Ever wondered what it’s like to dine at the world’s top restaurants? We may not all have the opportunity to hop around the globe indulging in Michelin-starred meals and experimenting with new and intricate flavours, but on the internet you can experience anything – including what’s on the menu at the world’s top restaurants.
Every year, the World’s 50 Best Restaurants organisation puts together a list of the finest dining establishments on the globe. Since 2002, this organisation has been ranking the world’s top 100 fine dining restaurants. The winners are chosen by an expert panel of over 1,000 chefs, food writers, and restaurateurs who know what makes a dish stand out amongst a sea of fine dining classics.
World’s top 5 restaurants in 2019
The world’s top 5 restaurants in 2019, as rated by the World’s 50 Best Restaurants organisation, were:
- Mirazur, France,
- Noma, Denmark,
- Asador Etxebarri, Spain,
- Gaggan, Thailand, and
- Geranium, Denmark.
These restaurants all require reservations months in advance, with tickets selling for several hundred per head. But it’s worth the wait to experience the fresh local produce, unique and sometimes bizarre technique and combinations, and the individual flair of each world renowned chef.
So let’s take a tour and see what’s on the menu at the world’s top 5 restaurants.
This year, the world’s best restaurant was Mirazur in France. The restaurant is perched above the Mediterranean Sea on the French riviera, with Argentinian chef Mauro Colagreco in the kitchen. He opened Mirazur at the ripe age of 29, back in 2006, and the restaurant received its first Michelin star within a year.
Organisers of the awards praised Chef Colagreco’s “love of local produce, most of which is grown in the restaurant’s three-tiered garden just metres from the dining room”. You can dine at Mirazur for around AUD422 per person – if you can find a reservation, that is! Let’s take a look at some of the restaurant’s iconic dishes.
Gillardeau oyster with shallot cream, pear, wild watercress, borage flowers
This is a beautifully simple dish, with subtle flavours that come together as “refreshingly as a September afternoon on the Mediterranean”, according to one reviewer. The dish sits on a bed of starchy tapioca broth.
Salt-crusted beetroot with caviar
This is one of Mirazur’s most photographed dishes. Guests are served a bowl of silky, salt-crusted beetroot strands sourced from the restaurant’s private garden. A creamy, milky caviar sauce is then poured over the dish creating what one reviewer calls a “texturally harmonious bite”.
Challans duck with plum jam and red shiso jelly
This stunning dish is executed with accuracy and precision, with each ingredient chosen in the exact amounts and to serve a particular purpose in terms of flavour. Acidity from the plums responds well with the crispy, savoury duck, with red shiso sauce bringing a spiciness to complete the dish.
Swordfish with mashed black garlic and bearnaise with liquorice
This is a popular dish amongst diners, with a soft, melt-in-your-mouth swordfish complemented by a unique liquorice bearnaise sauce. The creamy black garlic condiment brings a sense of gluttony to the dish, balancing the flavours together wonderfully.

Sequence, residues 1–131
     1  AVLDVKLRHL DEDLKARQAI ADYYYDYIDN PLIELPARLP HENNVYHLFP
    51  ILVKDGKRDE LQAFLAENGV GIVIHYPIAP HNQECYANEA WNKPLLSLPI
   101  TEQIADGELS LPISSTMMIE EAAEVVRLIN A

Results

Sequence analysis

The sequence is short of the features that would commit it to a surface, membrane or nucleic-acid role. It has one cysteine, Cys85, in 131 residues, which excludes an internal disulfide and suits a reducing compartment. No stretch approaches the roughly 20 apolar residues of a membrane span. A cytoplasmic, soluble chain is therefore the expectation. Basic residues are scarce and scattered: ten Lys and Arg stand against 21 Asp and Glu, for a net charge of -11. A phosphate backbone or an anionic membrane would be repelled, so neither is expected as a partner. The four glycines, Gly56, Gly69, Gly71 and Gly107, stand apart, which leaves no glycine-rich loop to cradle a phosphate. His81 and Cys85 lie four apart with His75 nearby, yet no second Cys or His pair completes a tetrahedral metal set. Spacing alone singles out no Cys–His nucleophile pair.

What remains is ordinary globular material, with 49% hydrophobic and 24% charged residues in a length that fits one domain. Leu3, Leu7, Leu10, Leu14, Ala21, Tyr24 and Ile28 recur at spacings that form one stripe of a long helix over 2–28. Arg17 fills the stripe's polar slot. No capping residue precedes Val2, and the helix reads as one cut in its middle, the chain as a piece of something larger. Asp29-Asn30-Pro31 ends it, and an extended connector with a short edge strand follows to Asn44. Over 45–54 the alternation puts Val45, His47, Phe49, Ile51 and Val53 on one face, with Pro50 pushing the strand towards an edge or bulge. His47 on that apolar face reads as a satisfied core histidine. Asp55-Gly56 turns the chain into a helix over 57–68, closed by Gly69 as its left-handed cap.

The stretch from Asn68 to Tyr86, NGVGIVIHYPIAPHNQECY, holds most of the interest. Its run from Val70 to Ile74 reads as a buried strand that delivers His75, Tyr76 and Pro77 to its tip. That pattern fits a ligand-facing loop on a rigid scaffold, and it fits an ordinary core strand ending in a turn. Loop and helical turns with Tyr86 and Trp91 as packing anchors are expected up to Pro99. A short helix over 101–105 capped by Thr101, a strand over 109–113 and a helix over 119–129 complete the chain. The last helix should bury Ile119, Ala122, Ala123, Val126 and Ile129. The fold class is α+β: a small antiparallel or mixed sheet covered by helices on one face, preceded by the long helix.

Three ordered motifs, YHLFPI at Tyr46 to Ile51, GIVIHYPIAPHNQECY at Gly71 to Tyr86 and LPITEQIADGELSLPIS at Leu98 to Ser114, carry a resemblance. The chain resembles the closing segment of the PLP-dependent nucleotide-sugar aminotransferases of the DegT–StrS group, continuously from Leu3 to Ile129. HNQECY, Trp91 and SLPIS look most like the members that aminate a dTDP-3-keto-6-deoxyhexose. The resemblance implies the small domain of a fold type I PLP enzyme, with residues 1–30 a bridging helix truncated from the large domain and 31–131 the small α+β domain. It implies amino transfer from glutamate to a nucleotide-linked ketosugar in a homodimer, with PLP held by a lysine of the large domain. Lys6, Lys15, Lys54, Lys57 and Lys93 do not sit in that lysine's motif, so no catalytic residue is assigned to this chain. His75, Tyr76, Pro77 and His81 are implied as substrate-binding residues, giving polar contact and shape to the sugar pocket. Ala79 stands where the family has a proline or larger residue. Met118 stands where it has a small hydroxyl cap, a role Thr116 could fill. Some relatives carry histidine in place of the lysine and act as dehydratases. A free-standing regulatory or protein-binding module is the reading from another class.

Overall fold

2. Noma, Copenhagen
Noma has made #1 on the world’s best restaurants list for four years, dropping to second place in 2019. The iconic restaurant is renowned for its experimental interpretation of Nordic cuisine and foraged foods – and its celeriac shawarma.
Chef René Redzepi is famous for his sometimes outlandish creations, his beautiful and inventive plating, and his dedication to simple Scandinavian cooking. You can eat at Noma for around AUD500 per person, but it’s well worth it for the all-round experience.
Dehydrated cucumber skin cannelloni with beech nut puree
This dish is a Nordic take on the classic Greek dolmades dish – traditionally made from rolled grapevine leaves. Instead, Redzepi dried cucumber skins and paired the strange ingredient with a local beech nut puree.
Smoked quail’s egg with plum and rose hip ‘chorizo’
Here’s an example of Chef Redzepi’s outlandish creations – a ‘chorizo’ made from rose hips, a fragrant berry that grows on a rose bush. Spicy and chewy, the rose hip sausage is said to taste just like a Spanish chorizo.
Fried marigold flowers with a side of egg yolk and whisky
Another dish showcasing Noma’s fondness for foraging. Here, the marigold flowers are deep fried and crispy, served with a ‘whisky eggnog’ dip. The dip, somewhat resembling a liquidy cured egg, is poured by servers onto the flowers.
Fried milk skin with fresh cheese, parsley, and black truffles
Milk skin, parsley, cheese, and truffle? Some combinations can only be found at fine dining restaurants, that’s for sure. This is a feathery, delicate tart that one reviewer referred to as “a little bite of heaven”.
Walnut mole with grasshoppers, pumpkin seed tofu, barbecued rose petals
Barbecued wild rose petals here makes an appearance with a tofu-like curd made from mole and pumpkin seeds. The roses are described as having a slightly meaty quality similar to a grilled radicchio. And yes, those are grasshoppers.
3. Asador Etxebarri, Spain
In the heart of the Basque region of Spain, nestled in the mountains and farmlands, is Asador Etxebarri. This restaurant is far flung from the world’s bustling fine-dining establishments, open for dinner only one day a week and channeling the calm, relaxed atmosphere of the Spanish mountains.